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  6. The man is a writer. Maybe he’ll never publish anything, but he is a writer. He has such vivid imagination. Love the way his mind works.

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    • Maybe now he can take fewer series roles and write a few novels 🙂

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      • I’d bet he’d be really good at writing a novel, but he would probably miss the collaborative aspect of making a film. Writing a book is a solitary process. Directing a movie, now, I can really see him doing that — he seems to absorb so much from the top-notch people he works with, and I’m sure he’s been observing how Peter Jackson manages all the different elements of movie direction.

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        • yeah. I almost feel like he could be at a crossroads: go for it in terms of bigger roles in Hollywood? Or take some of the money has now and find his way to independent filmmaking? There was a phase in 2009 when he said he was really sick of being “the gimp,” and I wondered when I became a fan how much longer he’d be acting. But since the Captain America interviews he’s seemed more positive about acting.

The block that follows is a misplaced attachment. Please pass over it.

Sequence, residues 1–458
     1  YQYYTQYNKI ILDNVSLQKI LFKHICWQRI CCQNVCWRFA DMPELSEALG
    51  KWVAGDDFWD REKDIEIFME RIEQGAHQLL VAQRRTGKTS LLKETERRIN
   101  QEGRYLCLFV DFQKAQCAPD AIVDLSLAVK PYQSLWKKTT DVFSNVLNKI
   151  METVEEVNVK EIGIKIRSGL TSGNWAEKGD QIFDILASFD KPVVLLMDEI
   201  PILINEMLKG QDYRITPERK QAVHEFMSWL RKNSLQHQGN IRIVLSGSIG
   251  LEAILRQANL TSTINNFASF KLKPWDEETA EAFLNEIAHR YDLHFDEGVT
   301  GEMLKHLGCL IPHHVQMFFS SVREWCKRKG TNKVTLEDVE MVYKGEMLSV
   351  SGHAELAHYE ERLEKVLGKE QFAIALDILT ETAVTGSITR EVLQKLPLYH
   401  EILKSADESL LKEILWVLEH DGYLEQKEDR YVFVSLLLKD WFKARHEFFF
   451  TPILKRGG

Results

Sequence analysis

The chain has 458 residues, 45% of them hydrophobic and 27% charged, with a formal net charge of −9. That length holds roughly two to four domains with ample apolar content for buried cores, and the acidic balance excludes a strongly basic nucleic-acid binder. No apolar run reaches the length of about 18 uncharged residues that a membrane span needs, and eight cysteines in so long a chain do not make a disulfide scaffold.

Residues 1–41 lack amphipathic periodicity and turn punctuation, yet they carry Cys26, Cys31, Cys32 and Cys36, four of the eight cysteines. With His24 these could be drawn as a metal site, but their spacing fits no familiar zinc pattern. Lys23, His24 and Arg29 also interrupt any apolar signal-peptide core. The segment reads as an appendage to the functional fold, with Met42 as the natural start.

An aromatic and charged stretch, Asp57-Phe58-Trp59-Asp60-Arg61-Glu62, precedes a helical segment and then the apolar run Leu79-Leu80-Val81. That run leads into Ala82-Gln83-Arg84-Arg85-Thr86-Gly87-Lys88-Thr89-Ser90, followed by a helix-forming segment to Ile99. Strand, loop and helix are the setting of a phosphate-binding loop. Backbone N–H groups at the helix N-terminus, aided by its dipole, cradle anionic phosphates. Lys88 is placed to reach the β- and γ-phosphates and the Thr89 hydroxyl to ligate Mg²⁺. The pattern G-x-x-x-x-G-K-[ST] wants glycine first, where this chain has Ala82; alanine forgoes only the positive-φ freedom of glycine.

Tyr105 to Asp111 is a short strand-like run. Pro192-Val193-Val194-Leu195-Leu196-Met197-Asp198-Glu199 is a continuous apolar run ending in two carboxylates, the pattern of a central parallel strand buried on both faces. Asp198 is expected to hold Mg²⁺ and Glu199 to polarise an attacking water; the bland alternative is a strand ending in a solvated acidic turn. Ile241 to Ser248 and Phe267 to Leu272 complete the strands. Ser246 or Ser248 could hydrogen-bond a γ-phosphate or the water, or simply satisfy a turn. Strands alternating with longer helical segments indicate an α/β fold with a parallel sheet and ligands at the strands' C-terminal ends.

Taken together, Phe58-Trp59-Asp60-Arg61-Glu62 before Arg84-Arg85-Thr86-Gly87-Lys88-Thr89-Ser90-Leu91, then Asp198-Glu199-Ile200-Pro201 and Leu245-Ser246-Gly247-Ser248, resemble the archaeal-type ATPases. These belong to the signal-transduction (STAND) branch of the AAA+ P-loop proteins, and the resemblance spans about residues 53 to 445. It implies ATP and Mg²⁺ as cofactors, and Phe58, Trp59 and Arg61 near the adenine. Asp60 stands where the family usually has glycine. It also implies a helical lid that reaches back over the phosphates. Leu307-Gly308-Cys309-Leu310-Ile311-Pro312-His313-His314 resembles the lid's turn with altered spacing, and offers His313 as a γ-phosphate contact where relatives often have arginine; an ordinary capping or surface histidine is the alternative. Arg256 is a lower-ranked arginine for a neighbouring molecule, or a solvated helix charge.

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  7. “Key moments”. Ha ha ha!

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  8. Thanks so much. The detail he gives in this interview of his childhood and destiny is very moving …….got to love him 🙂

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  9. […] this blog regularly, Richard Armitage’s remarks in that review pushed a lot of my buttons. Religion, filming in 48 fps, reading experiences, audience enjoyment, Tolkien’s view of his life […]

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  10. […] / 5773: My squeeing when Armitage said that the dwarf singing in Bag End reflected religious fervor and the … — filling in my […]

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  11. […] my apartment (reflection on that and on how the Bag End scene of TH:AUJ is a bit like a Seder and Armitage’s remarks about a similar theme), I just have the ritual burning to do tomorrow sometime. (I also have to grade tomorrow, and write […]